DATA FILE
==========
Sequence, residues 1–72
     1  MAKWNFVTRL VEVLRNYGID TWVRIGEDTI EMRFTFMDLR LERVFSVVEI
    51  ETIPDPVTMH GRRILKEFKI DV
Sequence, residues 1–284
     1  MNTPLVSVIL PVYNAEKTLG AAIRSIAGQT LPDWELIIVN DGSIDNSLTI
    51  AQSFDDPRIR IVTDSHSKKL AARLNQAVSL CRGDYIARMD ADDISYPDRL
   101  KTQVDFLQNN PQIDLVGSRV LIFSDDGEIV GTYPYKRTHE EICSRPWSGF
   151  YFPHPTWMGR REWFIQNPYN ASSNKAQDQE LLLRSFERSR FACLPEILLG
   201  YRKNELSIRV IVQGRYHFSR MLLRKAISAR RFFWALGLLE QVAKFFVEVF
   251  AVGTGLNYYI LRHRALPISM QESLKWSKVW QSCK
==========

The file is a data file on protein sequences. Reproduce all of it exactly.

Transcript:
Sequence, residues 1–72
     1  MAKWNFVTRL VEVLRNYGID TWVRIGEDTI EMRFTFMDLR LERVFSVVEI
    51  ETIPDPVTMH GRRILKEFKI DV
Sequence, residues 1–284
     1  MNTPLVSVIL PVYNAEKTLG AAIRSIAGQT LPDWELIIVN DGSIDNSLTI
    51  AQSFDDPRIR IVTDSHSKKL AARLNQAVSL CRGDYIARMD ADDISYPDRL
   101  KTQVDFLQNN PQIDLVGSRV LIFSDDGEIV GTYPYKRTHE EICSRPWSGF
   151  YFPHPTWMGR REWFIQNPYN ASSNKAQDQE LLLRSFERSR FACLPEILLG
   201  YRKNELSIRV IVQGRYHFSR MLLRKAISAR RFFWALGLLE QVAKFFVEVF
   251  AVGTGLNYYI LRHRALPISM QESLKWSKVW QSCK